By: Ellen Liburt

Magazine Now Distributed Through 83 Newspapers

by Ellen Liburt

‘We were originally gunning for the coffee table; we’re now shooting
for the computer table,’ Mike Veitch said with a laugh. As the
president and CEO of Access Media Inc. – the parent company of the
recently redesigned Access Internet Magazine and its companion Web
site, launching today – he has one foot in the print world and one
in cyberspace. And in this brave new dot-com world, Veitch thinks
that’s a good position to be in. ‘It’s the hybrids that are going
to survive and prosper,’ he said – and judging by his magazine, so
far, so good.

Although it is only 20 months old, Access Internet Magazine already
claims a circulation of 9.3 million and a readership it estimates at
13.3 million. It reaches more online users than all other consumer
Internet magazines combined. Distributed nationally through
partnerships with 83 metropolitan Sunday newspapers, the weekly is
the sixth-largest magazine in the country behind Parade, USA Weekend,
Reader’s Digest, TV Guide, and Modern Maturity. But with a circulation
expected to hit 10 million by October – Access is the one growing by
leaps and bauds.

The magazine aspires to be ‘America’s Guide to the Web’ by helping
consumers to understand and navigate the ever-morphing Internet and
the perilous straits of personal technology. It introduces computer
novices to the Web (gently) while wooing more experienced surfers
with engaging content and new ways to use the Internet. Every issue
provides up to 40 snappy Web site reviews organized by category
(Editor and Senior Vice President/Editorial Stephanie Chang said
her staff checks out more than six sites for each one they review)
and rated with up to four ‘A’ (for Access) icons. The ‘E-Life’
department examines how the Web affects daily life; ‘Ask Leo’ is a
Q-and-A computing advice column; and ‘Personal Technology’ offers
hardware and software tips, gadget info, and guidance on purchasing
computer equipment.

‘People lead busy lives, and they enjoy the Web, but they get
frustrated when a search engine they’re using spits out 50 sites
for them to choose from,’ said Chang, who was formerly editor in
chief of Connect-Time. ‘We do the hours and hours of searching for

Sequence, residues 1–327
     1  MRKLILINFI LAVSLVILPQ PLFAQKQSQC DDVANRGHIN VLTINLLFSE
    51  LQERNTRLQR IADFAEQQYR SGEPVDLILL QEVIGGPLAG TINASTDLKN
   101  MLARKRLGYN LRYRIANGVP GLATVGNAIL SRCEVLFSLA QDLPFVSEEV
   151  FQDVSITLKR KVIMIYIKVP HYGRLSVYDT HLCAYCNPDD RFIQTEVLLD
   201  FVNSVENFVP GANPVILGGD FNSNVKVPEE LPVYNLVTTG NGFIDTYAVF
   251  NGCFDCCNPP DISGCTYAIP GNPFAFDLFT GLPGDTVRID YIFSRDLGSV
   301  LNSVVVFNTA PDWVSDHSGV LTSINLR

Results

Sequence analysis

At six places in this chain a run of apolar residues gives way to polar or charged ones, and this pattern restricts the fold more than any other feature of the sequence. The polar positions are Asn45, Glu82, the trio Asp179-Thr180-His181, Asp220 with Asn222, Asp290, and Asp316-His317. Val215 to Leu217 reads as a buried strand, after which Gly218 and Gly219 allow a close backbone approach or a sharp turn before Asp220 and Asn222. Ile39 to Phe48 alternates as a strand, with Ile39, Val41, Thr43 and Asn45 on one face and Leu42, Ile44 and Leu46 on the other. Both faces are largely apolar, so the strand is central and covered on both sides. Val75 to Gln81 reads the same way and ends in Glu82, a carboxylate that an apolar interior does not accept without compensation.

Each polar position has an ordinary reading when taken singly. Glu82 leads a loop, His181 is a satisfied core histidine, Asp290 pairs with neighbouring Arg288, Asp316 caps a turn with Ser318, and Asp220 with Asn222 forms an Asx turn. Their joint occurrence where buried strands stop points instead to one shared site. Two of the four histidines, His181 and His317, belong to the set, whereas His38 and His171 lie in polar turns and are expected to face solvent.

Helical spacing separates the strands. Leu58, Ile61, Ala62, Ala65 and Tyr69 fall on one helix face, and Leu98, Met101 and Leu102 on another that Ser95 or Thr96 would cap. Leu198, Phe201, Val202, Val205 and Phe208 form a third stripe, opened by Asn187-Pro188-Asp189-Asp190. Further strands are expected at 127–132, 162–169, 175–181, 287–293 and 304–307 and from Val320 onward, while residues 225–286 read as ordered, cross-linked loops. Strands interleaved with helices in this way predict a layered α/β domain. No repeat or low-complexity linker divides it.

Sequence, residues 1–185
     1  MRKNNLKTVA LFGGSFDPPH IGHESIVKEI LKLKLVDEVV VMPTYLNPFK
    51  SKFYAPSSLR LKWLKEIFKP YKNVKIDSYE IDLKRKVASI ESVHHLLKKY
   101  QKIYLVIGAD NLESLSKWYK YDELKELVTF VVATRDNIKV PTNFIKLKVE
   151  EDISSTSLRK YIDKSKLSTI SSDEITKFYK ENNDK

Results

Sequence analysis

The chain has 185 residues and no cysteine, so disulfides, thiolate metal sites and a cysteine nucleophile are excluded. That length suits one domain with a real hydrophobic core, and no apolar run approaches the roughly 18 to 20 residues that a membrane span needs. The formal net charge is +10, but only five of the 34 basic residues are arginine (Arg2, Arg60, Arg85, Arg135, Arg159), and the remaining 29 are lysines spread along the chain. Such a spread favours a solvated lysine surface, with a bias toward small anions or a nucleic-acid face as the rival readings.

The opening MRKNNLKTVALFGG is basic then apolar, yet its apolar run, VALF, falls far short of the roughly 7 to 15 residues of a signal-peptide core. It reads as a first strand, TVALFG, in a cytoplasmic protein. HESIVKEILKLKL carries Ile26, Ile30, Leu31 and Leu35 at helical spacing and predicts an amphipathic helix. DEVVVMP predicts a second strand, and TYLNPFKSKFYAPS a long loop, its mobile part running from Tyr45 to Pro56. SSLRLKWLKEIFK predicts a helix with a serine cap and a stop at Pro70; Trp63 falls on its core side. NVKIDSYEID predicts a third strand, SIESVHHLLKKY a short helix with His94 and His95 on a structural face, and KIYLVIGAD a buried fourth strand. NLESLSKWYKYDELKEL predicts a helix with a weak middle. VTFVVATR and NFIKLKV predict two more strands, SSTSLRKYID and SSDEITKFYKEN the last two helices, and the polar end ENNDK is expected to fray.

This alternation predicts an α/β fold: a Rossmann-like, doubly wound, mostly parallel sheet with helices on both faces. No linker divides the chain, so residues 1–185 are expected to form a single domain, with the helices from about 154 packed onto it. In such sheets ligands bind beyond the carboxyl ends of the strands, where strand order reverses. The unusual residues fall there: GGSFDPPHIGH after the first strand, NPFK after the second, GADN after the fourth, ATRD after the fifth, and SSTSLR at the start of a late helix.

our readers. We weed out the duds and point them only to sites we
think are worth their valuable time.’

When Access Media (which is privately held and based in Needham,
Mass.) compiled the magazine’s first 1,000 Web site reviews into a
‘Guide to the Web, Volume I,’ it advertised the book only online
and in the magazine. Still, Veitch recalled in amazement, 50% of the
readers who ordered it did so using snail mail. ‘Our audience is
representative of the mainstream,’ he said. ‘They’re sophisticated
enough to use the Web and order a book about it, but they ordered it
through the mail.’

Viewing this development through the lens of his many years in
newspaper publishing – prior to co-founding Access Media in 1998,
he was president of Community Newspaper Co., corporate parent of
more than 100 daily and nondaily newspapers in Massachusetts – Veitch
concluded that the technology that takes familiar forms is the most
likely to be adopted: ‘It’s a brand new magazine with a 200-year-old
relationship to the reader.’

Those readers, represented in the form of focus groups, helped shape
the redesign. For example, magazine staffers initially hoped their (supplement-size) publication would remain in the living room for a
week or so. They were surprised to find that readers – some of whom
had saved every issue – were using it at the computer and asking that
it be reduced to 81/2 by 11 inches and stitched so it could be
three-hole-punched and kept.

Maryjane Fahey & David O’Connor Editorial Design in New York hatched
the redesign, aided by Access Art Director Mark Gabrenya. Other joint
ventures involving Fahey (formerly executive vice president and
creative director for Roger Black Consulting) and O’Connor (a
photographer and former art director of Mademoiselle, Out, and
Art+Auction magazines) include the launches of a new magazine for
Yahoo! called E-shopper, and, with Michael Jones (another Black alum),
a fitness/lifestyle magazine from Men’s Health called MH-18 and aimed
at teens. The largest coup, however, will be revealed mid-September,
when Fahey, O’Connor, and Jones launch their redesign of The Boston

Their mission with Access, said Fahey, was to make it more coherent
and reader-friendly. ‘[H]ere was this magazine about the Internet,
yet there were absolutely no visual references to that,’ she observed.
‘Our challenge was to come up with those visual references which were
not cliched and didn’t hit the reader over the head, and we did that
consistently throughout the publication.’

They made navigating it easier by organizing pages by department and differentiating better between the front of the book and the feature
well. They added a table of contents to the front and an entertainment
department to draw a younger audience. They used more white space and
had more fun with the art.

The result is a streamlined, lucidly organized publication that makes
elegant use of design elements that reference the Internet – and gives
new hope to the Web-challenged masses.


Ellen Liburt (eliburt@editorandpublisher.com) is a reporter at
Editor & Publisher magazine.

(c) Copyright 2000, Editor & Publisher

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